The materials used in the thatch mean that the roof is at threat of attacks by birds that are nesting or are looking for insects. Holes may appear in the thatch and should be repaired as soon as possible as, left unrepaired, the birds will concentrate on these areas and the holes will become much larger. Most bird damage to roofs tends to be under the eaves or at the junction of the chimney and the roof. Some roofs have wire netting in these places to prevent this occurring, whilst others are completely covered by wire netting. Unfortunately, roofs that are totally covered by wire netting are often subject to higher insurance premiums as there will be the added difficulty of pulling the wire netting off in the event of a fire. This will delay the fire from being extinguished and result in more widespread fire damage.

Although thatched properties are no more likely to catch fire than regular homes, when a fire does break out the damage will be much more significant as fire spreads more rapidly in thatch. For this reason, insurance premiums will be higher. However as mentioned earlier, if you ask us at Highhouse insurance to quote for your thatched property , we will do our best to save you money.

It can be seen that whilst there are disadvantages of living in a thatched house, these are relatively minor and the advantages of living in such a charming and unique home may outweigh them.


Choosing Brick Wallpaper

Factors to Consider When Choosing Brick Wallpaper

Here are some few things you to need to pay attention to when selecting brick wallpaper for your interior design:

The very first thing that you will need to consider when selecting brick wallpapers for your interior design is your space. Depending on your preferences, you will need to go for the right wall so that your rooms can pop to their full potential. It is critical for you to consider the space so as to select the best possible location for your brick wallpaper application. This will help you tie the room together seamlessly.

Speaking of your space, another important thing that you need to consider is the layout of the room. If your room has a shape similar to that of a cone-head, it will be hard to erect a brick wallpaper. In addition to this, you should also take into consideration other pieces of art that might consume all space required for your wallpaper. In simple terms, if you are only able to see 15% of your brick wallpaper, is it worth having it on your wall?

  • What do you want to make standout

What do you want to achieve with your brick wallpaper interior design? Brick style wallpaper can be installed in a dining room so as to highlight a china filled armoire or wooden table. In your living, you can apply brick effect wallpaper so as to emphasize the look of your leather sofa and other décor pieces you have. Additionally, you could also install brick wallpaper so as to boost the look of your office or fireplace, at home.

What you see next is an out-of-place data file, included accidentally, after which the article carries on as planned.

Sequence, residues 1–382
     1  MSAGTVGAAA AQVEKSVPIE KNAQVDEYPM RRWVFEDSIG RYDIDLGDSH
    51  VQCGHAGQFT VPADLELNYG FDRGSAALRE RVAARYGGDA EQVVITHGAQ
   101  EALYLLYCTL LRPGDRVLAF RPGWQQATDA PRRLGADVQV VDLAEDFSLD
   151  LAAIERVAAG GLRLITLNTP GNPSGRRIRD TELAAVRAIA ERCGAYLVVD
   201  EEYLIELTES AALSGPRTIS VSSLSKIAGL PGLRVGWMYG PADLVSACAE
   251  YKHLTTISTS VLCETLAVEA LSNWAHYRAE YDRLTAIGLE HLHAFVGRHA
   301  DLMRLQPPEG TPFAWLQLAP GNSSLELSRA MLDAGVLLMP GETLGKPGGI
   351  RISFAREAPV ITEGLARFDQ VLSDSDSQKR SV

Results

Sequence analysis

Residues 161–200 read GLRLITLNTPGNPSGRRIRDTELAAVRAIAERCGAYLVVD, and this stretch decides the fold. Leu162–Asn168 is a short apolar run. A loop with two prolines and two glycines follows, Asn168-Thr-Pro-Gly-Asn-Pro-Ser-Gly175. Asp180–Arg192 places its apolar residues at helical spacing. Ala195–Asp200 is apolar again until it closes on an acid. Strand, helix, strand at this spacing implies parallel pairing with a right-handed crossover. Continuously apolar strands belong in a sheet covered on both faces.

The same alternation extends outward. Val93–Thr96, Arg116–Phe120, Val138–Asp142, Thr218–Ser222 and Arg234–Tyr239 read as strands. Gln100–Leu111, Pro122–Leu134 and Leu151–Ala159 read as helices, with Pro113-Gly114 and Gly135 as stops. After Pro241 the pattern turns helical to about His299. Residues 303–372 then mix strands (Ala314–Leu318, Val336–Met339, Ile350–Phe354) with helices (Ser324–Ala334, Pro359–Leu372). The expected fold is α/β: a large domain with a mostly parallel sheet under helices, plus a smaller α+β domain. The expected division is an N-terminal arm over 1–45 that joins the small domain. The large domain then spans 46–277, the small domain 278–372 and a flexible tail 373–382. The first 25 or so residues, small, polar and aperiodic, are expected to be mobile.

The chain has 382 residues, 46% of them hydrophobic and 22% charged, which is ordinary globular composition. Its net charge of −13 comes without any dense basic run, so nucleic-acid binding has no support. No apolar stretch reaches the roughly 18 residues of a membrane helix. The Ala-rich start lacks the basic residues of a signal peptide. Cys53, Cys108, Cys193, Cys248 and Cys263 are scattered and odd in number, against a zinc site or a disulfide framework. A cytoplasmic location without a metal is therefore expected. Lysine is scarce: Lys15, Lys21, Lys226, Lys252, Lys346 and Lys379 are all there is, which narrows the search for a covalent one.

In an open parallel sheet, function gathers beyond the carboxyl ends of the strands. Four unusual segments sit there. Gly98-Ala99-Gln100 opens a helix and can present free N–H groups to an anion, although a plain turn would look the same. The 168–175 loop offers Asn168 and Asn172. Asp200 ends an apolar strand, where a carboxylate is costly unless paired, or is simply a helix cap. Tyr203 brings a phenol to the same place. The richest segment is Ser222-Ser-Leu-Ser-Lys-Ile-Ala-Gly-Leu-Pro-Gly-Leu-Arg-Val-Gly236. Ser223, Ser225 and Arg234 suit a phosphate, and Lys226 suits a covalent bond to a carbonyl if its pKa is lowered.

To get the best possible appeal out of a brick wallpaper design, ensure that you install it on surfaces that are undisturbed by doors or windows. Also, note that different rooms require a different wallpaper design and style. For instance, a brick wallpaper bedroom design should be moisture-resistant while a kitchen wallpaper ought to be stainless and washable.


Brick Wallpaper

Benefits of Brick Wallpaper

There are numerous benefits that a brick wallpaper will have over a normal brick wall. A modern brick wallpaper is a fascinating alternative, which offers a similar emotional and physical connection. It can be referred to a transformational tool and a great step in interior design. Furthermore, with a contemporary brick wallpaper, the installation process is quite quick and easy. Due to this, you can end up saving a lot of labor and maintenance costs, plus other important resources.

Here are some other great advantages of having a brick wallpaper over any other kind of wall decoration.

  • Brick Wallpaper is Durable

Brick wallpaper is quite long lasting and can also withstand conditions in high traffic areas, and wear and tear from kids. While it might require some extra knowledge to apply perfectly, a good brick wallpaper is made to last for over 10 years.

  • It is Perfect for Hiding Imperfections

In case you want to hide imperfections in your wall such as when it is cracked, uneven, or damaged, brick wallpaper can be of great benefit to you. Brick wallpaper is able to go several steps further than any other wallpaper due to its great ability to disguise flaws. Therefore, erecting a brick wallpaper can consume lesser time and resources than having to fix all imperfections on your wall.


Brick Wallpaper

Why Brick Wallpaper

Before we look at anything else in regards to brick wallpaper, let us first have a look at why you should use these kinds of wallpapers in the first place. A brick wallpaper features a transforming texture, a structured charm, and effortless elegance. These factors make brick wallpapers alluring and timeless, some good reasons why you should use brick wallpaper.


Brick wallpaper the new water

Adding brick wallpaper is the best interior design you can do to your house. You can add the wallpaper to all the four walls of your room or have one feature wall, which will have the different brick wallpaper designs. Brick wall wallpaper has been properly developed to become an authentic charm, which is now been witnessed in inner-city apartments and also rural cottages. This is so because brick style wallpaper complements both modern and traditional furniture perfectly. Due to this, brick wallpaper is the ideal choice when looking for an interior design guaranteed to be the talking point amongst your guests.